Yesterday’s article offended some people. Probably a lot more than actually spoke up. In hindsight I think understand why so I’m going to try to explain in my own words what I did wrong, partly to clarify my understanding for myself and those who saw nothing wrong with ‘Wherefore Art Thou‘. Please let me know if I’ve missed the real point entirely though. It’s quite possible that whatever it is that really upset them is lost on me, and I’d appreciate your input.
Before we get started I’d like to thank those that provided the feedback. Out of respect I won’t be mentioning you by name, or giving any deliberate hint of your identity. I want to encourage feedback. That’s not going to happen if I put everyone who comments under a spotlight. I will not talk about you unless you’ve asked me to. This is not a gossip column. I know I’ve crossed the line in the past, but I’ve learned from this mistake and it will not happen again.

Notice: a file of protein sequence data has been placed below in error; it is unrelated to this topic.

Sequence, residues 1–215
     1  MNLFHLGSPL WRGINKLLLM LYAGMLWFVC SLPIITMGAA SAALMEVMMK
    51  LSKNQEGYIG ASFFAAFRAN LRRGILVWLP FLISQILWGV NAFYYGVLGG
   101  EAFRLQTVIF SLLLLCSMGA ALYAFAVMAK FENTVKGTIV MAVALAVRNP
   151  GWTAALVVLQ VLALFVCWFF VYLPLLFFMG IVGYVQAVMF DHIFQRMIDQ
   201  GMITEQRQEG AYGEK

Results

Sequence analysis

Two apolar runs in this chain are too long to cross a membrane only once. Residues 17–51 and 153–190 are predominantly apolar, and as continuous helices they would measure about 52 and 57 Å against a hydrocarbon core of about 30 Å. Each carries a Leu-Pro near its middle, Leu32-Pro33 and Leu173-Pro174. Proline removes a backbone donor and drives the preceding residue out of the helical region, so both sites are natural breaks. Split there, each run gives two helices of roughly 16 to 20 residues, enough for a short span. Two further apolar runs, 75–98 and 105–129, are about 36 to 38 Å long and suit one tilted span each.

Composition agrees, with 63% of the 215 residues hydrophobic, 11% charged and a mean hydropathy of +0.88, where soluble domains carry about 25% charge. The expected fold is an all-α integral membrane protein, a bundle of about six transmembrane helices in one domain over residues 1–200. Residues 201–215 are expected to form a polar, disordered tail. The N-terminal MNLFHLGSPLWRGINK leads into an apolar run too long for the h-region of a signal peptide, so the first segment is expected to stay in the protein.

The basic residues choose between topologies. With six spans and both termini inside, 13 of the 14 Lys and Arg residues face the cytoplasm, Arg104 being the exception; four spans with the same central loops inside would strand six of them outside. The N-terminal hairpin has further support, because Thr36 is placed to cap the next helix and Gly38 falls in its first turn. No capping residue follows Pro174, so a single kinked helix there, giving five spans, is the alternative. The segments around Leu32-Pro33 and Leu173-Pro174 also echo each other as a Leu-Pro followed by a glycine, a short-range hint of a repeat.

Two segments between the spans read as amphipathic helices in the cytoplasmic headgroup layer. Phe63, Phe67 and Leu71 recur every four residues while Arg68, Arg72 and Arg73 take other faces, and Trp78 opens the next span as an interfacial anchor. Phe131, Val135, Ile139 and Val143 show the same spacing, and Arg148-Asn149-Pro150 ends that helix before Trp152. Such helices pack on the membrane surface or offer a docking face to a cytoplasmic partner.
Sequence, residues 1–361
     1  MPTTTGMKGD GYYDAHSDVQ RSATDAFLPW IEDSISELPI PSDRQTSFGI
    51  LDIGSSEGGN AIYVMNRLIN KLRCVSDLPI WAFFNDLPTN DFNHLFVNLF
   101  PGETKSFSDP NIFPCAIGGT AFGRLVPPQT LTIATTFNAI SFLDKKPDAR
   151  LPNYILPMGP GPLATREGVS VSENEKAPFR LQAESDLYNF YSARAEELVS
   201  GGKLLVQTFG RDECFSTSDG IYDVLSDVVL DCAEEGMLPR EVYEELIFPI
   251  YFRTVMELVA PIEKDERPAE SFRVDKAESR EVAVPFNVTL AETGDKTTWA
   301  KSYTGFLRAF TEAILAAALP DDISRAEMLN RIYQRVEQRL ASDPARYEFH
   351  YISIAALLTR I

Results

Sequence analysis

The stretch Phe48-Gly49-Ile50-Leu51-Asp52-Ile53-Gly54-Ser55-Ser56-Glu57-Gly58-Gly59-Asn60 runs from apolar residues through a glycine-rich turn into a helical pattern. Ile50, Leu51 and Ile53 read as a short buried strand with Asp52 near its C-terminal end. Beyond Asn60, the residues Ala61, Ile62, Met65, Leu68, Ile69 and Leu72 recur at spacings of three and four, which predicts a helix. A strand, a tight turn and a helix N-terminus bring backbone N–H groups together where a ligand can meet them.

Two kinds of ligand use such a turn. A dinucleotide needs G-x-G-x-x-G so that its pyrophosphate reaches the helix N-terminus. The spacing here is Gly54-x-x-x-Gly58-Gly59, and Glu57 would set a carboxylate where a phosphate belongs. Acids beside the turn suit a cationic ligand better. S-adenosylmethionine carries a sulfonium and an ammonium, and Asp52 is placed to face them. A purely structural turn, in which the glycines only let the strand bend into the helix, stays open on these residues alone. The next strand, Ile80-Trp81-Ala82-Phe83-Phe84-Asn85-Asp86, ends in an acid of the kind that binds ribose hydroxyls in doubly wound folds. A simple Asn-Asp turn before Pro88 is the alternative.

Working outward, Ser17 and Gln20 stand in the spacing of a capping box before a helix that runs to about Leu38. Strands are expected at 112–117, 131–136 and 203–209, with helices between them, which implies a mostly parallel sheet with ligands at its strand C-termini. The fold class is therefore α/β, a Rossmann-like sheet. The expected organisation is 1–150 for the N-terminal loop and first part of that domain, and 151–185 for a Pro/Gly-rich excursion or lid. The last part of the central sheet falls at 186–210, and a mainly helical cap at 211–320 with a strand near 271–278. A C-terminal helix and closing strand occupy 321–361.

Here we go. The idea of being creative for money is offensive to some. Art should be free, a gift to the world. I get that. Most of us spend the majority of our lives performing a boring, repetitive, menial and/or demeaning job. Not because we want to, but because we feel we have to. Money comes from hard work and misery. Writing isn’t a career, it’s a hobby, something that makes you happy. If I want money I should get a real job, contribute to society and stop being so selfish.